Lahaul-Spiti is one of the most enchanting regions of Himachal Pradesh and nowadays, quite a few people are interested in traveling to it. The twin valleys of Himachal’s tribal region are separated by the Kunzum La and in this travel guide, I will be guiding you on how to travel to Spiti Valley from Delhi.
This travel guide has been designed for those traveling in cars, taxis or motorcycles.
Preparing for a trip to Spiti
Preparing for a trip to Spiti isn’t all that different than preparing for a trip to Ladakh. Mainly because it is a long journey over rough roads and in barren high altitude area. Hence my recommendation would be to read the following articles on BCMTouring. Even though they have been written with Ladakh in mind, they will suffice for Spiti as well.
When should I travel to Spiti?
Spiti Valley is open throughout the year unless heavy snowfall or landslides block it temporarily. Having said that, it is best to travel to Spiti during the month of June and September.
July and August are monsoon months in rest of Himachal Pradesh and hence roads in Kinnaur and between Manali and Losar can close down temporarily due to landslides. Though Spiti itself isn’t affected by monsoon rain.
Kunzum Pass generally shuts down by the middle of October and remains closed till June, hence you won’t be able to do the complete circuit if you travel during this time.
You can visit the Road Status section of BCMTouring to gain information about the status of Kunzum La and the road to Spiti.
How many days are needed for a trip to Spiti?
You will need at least 6 days for a trip to Spiti and even though you can try and save a day by rushing along, I wouldn’t recommend it. In fact, there is so much to see and explore in Spiti that it is a good idea to keep at least 8-10 days in hand.
Do I need any permit?
If you’re travelling from Manali to Spiti, then you will need a permit for your vehicle in the form of “beyond Rohtang Pass permit”. This is available online, at the following URL, Online Permit for Rohtang Pass.
Apart from this, no other permit is needed for Indian Nationals.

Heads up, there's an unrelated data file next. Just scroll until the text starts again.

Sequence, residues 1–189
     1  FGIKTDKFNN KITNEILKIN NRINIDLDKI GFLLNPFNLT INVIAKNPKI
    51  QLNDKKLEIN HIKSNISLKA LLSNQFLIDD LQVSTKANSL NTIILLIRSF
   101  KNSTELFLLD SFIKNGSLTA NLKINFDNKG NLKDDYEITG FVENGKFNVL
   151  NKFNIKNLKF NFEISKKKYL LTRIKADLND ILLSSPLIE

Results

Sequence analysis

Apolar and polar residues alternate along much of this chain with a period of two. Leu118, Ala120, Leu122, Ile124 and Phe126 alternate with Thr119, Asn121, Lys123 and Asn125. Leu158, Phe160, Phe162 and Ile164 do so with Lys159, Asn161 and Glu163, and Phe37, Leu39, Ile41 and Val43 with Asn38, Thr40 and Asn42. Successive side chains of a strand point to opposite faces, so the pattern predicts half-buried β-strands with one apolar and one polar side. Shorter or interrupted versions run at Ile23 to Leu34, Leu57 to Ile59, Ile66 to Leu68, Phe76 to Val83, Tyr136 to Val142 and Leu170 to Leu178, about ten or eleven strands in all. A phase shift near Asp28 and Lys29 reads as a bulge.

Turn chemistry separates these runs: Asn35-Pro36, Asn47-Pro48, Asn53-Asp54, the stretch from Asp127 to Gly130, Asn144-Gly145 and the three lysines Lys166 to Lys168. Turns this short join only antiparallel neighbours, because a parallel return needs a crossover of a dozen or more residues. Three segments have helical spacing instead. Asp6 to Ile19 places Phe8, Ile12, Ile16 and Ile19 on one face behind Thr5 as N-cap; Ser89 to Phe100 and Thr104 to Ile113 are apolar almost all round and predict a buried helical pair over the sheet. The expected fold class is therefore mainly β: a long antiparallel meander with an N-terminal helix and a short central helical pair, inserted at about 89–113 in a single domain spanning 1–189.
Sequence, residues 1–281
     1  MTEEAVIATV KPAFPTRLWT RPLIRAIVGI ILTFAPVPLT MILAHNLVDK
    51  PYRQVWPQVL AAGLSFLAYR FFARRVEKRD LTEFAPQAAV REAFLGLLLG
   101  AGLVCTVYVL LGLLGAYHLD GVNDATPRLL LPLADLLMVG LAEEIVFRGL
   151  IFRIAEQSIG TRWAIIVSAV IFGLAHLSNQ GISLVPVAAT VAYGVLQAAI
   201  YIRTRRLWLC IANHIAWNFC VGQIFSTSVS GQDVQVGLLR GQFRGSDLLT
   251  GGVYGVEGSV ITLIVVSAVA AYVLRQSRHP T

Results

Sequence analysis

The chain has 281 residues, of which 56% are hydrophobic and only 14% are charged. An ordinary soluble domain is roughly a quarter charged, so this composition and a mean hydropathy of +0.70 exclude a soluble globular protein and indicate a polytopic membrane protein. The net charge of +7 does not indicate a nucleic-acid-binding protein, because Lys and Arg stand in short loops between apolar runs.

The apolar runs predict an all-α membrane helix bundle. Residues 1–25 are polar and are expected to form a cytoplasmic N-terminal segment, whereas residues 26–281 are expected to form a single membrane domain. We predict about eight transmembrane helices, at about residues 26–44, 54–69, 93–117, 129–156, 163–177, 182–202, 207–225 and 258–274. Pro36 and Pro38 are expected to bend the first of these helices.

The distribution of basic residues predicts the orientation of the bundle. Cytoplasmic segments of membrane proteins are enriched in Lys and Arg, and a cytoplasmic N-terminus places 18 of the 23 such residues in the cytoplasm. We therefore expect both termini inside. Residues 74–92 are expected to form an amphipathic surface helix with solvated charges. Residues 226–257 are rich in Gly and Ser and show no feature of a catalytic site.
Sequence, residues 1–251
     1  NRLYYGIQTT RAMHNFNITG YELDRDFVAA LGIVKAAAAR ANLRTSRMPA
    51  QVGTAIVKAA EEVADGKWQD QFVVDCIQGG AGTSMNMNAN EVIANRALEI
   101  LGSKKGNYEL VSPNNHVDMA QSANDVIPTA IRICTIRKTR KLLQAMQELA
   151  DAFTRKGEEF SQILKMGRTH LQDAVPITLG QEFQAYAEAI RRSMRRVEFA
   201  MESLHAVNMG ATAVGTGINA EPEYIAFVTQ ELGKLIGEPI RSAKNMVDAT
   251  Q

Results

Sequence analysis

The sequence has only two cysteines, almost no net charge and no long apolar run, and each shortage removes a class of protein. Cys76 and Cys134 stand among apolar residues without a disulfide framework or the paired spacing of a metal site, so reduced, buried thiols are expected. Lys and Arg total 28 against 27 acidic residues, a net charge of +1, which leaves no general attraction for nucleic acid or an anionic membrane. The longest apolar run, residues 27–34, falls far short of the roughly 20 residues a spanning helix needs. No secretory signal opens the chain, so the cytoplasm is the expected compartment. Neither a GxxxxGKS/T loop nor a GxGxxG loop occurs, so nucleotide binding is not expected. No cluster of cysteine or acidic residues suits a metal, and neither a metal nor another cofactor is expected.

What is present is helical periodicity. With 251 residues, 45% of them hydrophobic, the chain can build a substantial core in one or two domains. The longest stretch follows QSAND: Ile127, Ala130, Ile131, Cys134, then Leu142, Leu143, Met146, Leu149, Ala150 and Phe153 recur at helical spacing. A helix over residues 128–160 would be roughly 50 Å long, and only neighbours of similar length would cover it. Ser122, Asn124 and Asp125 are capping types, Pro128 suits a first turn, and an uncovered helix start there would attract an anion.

In case you’re a foreign national or an NRI, you will need Protected Area Permit (PAP) in order to travel between Reckong Peo and Sumdo, since this area runs quite close to the Indo-Tibetan Border. Permit can be obtained from the DC Offices in Kaza, Reckong Peo and Shimla. If you’re a foreign national from Pakistan, China, Afghanistan, Burma or Bangladesh, you will need to obtain this permit from the Ministry of Home Affairs in Delhi.
Do I need to worry about AMS?
Spiti Valley and Chandertal, in particular, are situated at fairly high altitude, hence chances of getting hit by high altitude sickness (AMS) is there. Hence it is recommended to begin the journey from the Shimla side, as you will end up climbing altitude gradually. If you choose to begin your journey from Manali, you will be covering the high altitude areas first, increasing your chances of getting hit by AMS.
Make sure to keep yourself hydrated at all times and go through this AMS Survival Guide to learn about the precautions and medication you can take to keep yourself safe.
Till Reckong Peo, there is no dearth of fuel pumps and availability is good as well. However, the petrol pump in Kaza can run out of fuel, so please plan accordingly. Because if Kaza Petrol Pump is running dry, then you will find the next petrol pump at Manali or Tandi (based on where you’re heading.) Though fuel should be available in black, the cost would be fairly high and the quality can be bad.
Mobile Networks and Connectivity
As far as Spiti Valley is concerned, BSNL rules the roost. So if you wish to stay connected as much as possible, make sure to get a BSNL/MTNL connection (prepaid connections also work.) Though please keep in mind, even the BSNL network in Kaza can go down easily. So make sure to inform your loved ones about this fact in advance, so that they wouldn’t worry unnecessarily.
Credit Cards and ATMs
Please do not depend on credit cards and ATMs beyond Reckong Peo. Carry enough cash for the journey till Manali, since Kaza petrol pump does not accept cards and the ATM at Tabo and Kaza (operational between 10 am to 7 pm) can run out of money and the smaller villages in Spiti Valley do not have any ATMs.